Serena rolls to victory at Aussie Open

MELBOURNE, Australia — Serena Williams was only two points from her 500th career match win when she tumbled to the court in the second round of the Australian Open.

It’s OK, she thought, it’s the good ankle. After sitting and watching Barbora Zahlavova Strycova’s shot float out to end the penultimate rally, Williams got up and whipped a backhand winner down the line on match point to move into the third round with a 6-0, 6-4 victory earlier today.

It improved her career record to 500-104 in tour matches and it was her 16th consecutive match win at Melbourne Park, where she has won five of her 13 Grand Slam titles.

“It’s totally fine. It was my good ankle, so I’m good,” she said, playing down concern that the fall had aggravated the left ankle sprain which hampered her preparation for the season’s first major. “There was no extra pain. I twisted it. But it’s all taped up, so the tape really, really helped.”

She’d earlier put it down to just having “wobbly ankles.”

“I wasn’t meant to be a ballerina or anything,” she said in a post-match TV interview. Williams won the Australian Open in 2009 and 2010, but didn’t get to defend her title in 2011 because she was injured.

Top-ranked Novak Djokovic gained a 6-3, 6-2, 6-1 win over Santiago Giraldo of Colombia, his 16th in a row in majors as he stayed on track to become only the fifth man in the Open era to win three consecutive Grand Slam singles tournaments.

Sixth-seeded Jo-Wilfried Tsonga, who lost the 2008 Australian final to Djokovic, advanced 7-5, 6-4, 6-4 over Ricardo Mello of Brazil, while No. 5 David Ferrer struggled early against American Ryan Sweeting before coming back to win 6-7 (4), 6-2, 3-6, 6-2, 6-3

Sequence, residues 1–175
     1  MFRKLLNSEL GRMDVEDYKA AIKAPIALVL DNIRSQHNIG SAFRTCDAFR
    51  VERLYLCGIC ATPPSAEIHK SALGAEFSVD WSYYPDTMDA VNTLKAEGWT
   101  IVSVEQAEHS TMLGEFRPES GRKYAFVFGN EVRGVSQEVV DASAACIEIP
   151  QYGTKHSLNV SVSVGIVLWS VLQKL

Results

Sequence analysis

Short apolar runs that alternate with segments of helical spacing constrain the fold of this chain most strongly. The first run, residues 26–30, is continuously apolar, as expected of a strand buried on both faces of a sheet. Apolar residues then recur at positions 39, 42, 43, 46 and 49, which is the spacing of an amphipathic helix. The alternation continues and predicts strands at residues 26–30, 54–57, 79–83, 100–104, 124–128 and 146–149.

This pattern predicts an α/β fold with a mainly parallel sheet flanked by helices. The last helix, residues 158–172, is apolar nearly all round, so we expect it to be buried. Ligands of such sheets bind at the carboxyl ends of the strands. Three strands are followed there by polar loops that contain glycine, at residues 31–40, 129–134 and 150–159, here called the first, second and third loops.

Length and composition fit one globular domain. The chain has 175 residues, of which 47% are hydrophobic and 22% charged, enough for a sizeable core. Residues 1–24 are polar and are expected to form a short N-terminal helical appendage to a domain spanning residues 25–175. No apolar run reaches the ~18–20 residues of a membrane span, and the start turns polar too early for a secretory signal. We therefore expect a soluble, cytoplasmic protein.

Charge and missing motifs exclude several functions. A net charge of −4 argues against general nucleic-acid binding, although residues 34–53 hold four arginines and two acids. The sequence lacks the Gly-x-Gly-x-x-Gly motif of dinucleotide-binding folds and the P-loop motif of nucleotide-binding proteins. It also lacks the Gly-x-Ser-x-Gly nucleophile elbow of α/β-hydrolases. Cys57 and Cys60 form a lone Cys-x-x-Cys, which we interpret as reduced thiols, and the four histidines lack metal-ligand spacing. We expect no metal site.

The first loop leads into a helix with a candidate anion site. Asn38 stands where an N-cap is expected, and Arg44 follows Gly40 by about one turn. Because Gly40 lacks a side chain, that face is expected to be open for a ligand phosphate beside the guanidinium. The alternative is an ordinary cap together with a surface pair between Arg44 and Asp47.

On the women’s side, No. 2 Petra Kvitova, the reigning Wimbledon champ, scraped into the third round with a nervous 6-2, 2-6, 6-4 win over Carla Suarez Navarro.

Maria Sharapova, one of the three former champions in the women’s draw, reached the third round with a 6-0, 6-1 rout of U.S. qualifier Jamie Hampton in 64 minutes.

American John Isner, seeded 16th, won a 4-hour, 41-minute marathon, including a 99-minute fifth set, over former Wimbledon finalist David Nalbandian. Isner had 43 aces in his 4-6, 6-3, 2-6, 7-6 (5), 10-8 win.

Nalbandian had several run-ins with the chair umpire during the often tense match. The Argentinian was enraged when a tournament official refused to overrule the chair umpire’s decision to decline a review of a line call late in the fifth.

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